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PTEN Hamartoma Tumor Syndrome.

Authors

Eng C1.

Source

GeneReviews® [Internet]. Seattle (WA): University of Washington, Seattle; 1993-2017.
2001 Nov 29 [updated 2016 Jun 2].

Author information

1
Genomic Medicine Institute, Cleveland Clinic, Department of Genetics & Genome Sciences, Case Western Reserve University School of Medicine, Cleveland, Ohio

Excerpt

CLINICAL CHARACTERISTICS:

The PTEN hamartoma tumor syndrome (PHTS) includes Cowden syndrome (CS), Bannayan-Riley-Ruvalcaba syndrome (BRRS), PTEN-related Proteus syndrome (PS), and Proteus-like syndrome. CS is a multiple hamartoma syndrome with a high risk for benign and malignant tumors of the thyroid, breast, and endometrium. Affected individuals usually have macrocephaly, trichilemmomas, and papillomatous papules, and present by the late 20s. The lifetime risk of developing breast cancer is 85%, with an average age of diagnosis between 38 and 46 years. The lifetime risk for thyroid cancer (usually follicular, rarely papillary, but never medullary thyroid cancer) is approximately 35%. The risk for endometrial cancer may approach 28%. BRRS is a congenital disorder characterized by macrocephaly, intestinal hamartomatous polyposis, lipomas, and pigmented macules of the glans penis. PS is a complex, highly variable disorder involving congenital malformations and hamartomatous overgrowth of multiple tissues, as well as connective tissue nevi, epidermal nevi, and hyperostoses. Proteus-like syndrome is undefined but refers to individuals with significant clinical features of PS who do not meet the diagnostic criteria for PS.

DIAGNOSIS/TESTING:

The diagnosis of PHTS is established in a proband by identification of a heterozygous germline PTEN pathogenic variant on molecular genetic testing.

MANAGEMENT:

Treatment of manifestations: Treatment for the benign and malignant manifestations of PHTS is the same as for their sporadic counterparts. Topical agents (e.g., 5-fluorouracil), curettage, cryosurgery, or laser ablation may alleviate the mucocutaneous manifestations of CS but are rarely utilized; cutaneous lesions should be excised only if malignancy is suspected or symptoms (e.g., pain, deformity, increased scarring) are significant. Surveillance: To detect tumors at the earliest, most treatable stages: Children (age <18 years). Yearly thyroid ultrasound from the time of diagnosis and skin check with physical examination. Adults. Yearly thyroid ultrasound and dermatologic evaluation. Women beginning at age 30 years. Monthly breast self-examination; annual breast screening (at minimum mammogram; MRI may also be incorporated) and transvaginal ultrasound or endometrial biopsy. Men and women. Colonoscopy beginning at age 35 years with frequency dependent on degree of polyposis identified; biennial (every 2 years) renal imaging (CT or MRI preferred) beginning at age 40 years. Those with a family history of a particular cancer type at an early age. Consider initiating screening 5-10 years prior to the youngest age of diagnosis in the family. Evaluation of relatives at risk: When a PTEN pathogenic variant has been identified in a proband, molecular genetic testing of asymptomatic at-risk relatives can identify those who have the family-specific pathogenic variant and warrant ongoing surveillance.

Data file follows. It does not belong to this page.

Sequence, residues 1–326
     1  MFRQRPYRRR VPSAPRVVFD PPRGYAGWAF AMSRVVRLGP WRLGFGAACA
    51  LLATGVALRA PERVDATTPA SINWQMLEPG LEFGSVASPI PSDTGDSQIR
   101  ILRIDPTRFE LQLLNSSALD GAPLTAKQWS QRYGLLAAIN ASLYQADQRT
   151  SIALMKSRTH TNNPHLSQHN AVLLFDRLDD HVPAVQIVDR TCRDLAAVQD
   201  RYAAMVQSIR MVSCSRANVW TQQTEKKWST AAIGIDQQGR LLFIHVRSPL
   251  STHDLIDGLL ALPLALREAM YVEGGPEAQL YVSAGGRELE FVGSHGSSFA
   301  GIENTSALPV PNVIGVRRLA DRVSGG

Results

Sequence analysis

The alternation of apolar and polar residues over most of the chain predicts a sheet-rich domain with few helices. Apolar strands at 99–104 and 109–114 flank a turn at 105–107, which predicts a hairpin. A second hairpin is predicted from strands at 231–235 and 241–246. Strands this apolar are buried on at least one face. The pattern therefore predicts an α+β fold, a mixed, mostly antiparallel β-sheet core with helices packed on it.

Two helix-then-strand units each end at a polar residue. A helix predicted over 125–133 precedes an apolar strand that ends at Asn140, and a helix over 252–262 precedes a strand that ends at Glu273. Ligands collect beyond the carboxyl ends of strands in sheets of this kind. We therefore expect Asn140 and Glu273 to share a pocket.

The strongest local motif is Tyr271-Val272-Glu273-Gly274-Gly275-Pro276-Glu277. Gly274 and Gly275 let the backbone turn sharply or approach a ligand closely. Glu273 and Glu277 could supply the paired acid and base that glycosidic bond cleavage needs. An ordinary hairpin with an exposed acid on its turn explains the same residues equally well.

GENETIC COUNSELING:

PHTS is inherited in an autosomal dominant manner. Because CS is likely underdiagnosed, the actual proportion of simplex cases (defined as individuals with no obvious family history) and familial cases (defined as ≥2 related affected individuals) cannot be determined. The majority of CS cases are simplex. Perhaps 10%-50% of individuals with CS have an affected parent. Each child of an affected individual has a 50% chance of inheriting the pathogenic variant and developing PHTS. Once a PTEN pathogenic variant has been identified in an affected family member, prenatal testing for a pregnancy at increased risk is a possible option.

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